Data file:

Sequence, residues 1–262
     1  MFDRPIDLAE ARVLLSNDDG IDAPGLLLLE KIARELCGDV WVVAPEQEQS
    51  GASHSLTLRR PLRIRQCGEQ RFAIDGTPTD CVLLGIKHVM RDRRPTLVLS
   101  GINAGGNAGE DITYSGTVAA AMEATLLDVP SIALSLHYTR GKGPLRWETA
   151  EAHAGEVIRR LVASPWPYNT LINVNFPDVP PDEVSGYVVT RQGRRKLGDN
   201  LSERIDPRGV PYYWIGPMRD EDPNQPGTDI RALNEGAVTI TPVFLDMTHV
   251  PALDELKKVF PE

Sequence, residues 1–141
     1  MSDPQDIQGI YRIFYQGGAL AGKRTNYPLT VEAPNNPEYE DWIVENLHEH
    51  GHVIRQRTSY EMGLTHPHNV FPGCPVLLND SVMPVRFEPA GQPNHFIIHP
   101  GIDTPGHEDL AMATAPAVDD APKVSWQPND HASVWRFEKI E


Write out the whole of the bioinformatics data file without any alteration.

Sequence, residues 1–262
     1  MFDRPIDLAE ARVLLSNDDG IDAPGLLLLE KIARELCGDV WVVAPEQEQS
    51  GASHSLTLRR PLRIRQCGEQ RFAIDGTPTD CVLLGIKHVM RDRRPTLVLS
   101  GINAGGNAGE DITYSGTVAA AMEATLLDVP SIALSLHYTR GKGPLRWETA
   151  EAHAGEVIRR LVASPWPYNT LINVNFPDVP PDEVSGYVVT RQGRRKLGDN
   201  LSERIDPRGV PYYWIGPMRD EDPNQPGTDI RALNEGAVTI TPVFLDMTHV
   251  PALDELKKVF PE

Sequence, residues 1–141
     1  MSDPQDIQGI YRIFYQGGAL AGKRTNYPLT VEAPNNPEYE DWIVENLHEH
    51  GHVIRQRTSY EMGLTHPHNV FPGCPVLLND SVMPVRFEPA GQPNHFIIHP
   101  GIDTPGHEDL AMATAPAVDD APKVSWQPND HASVWRFEKI E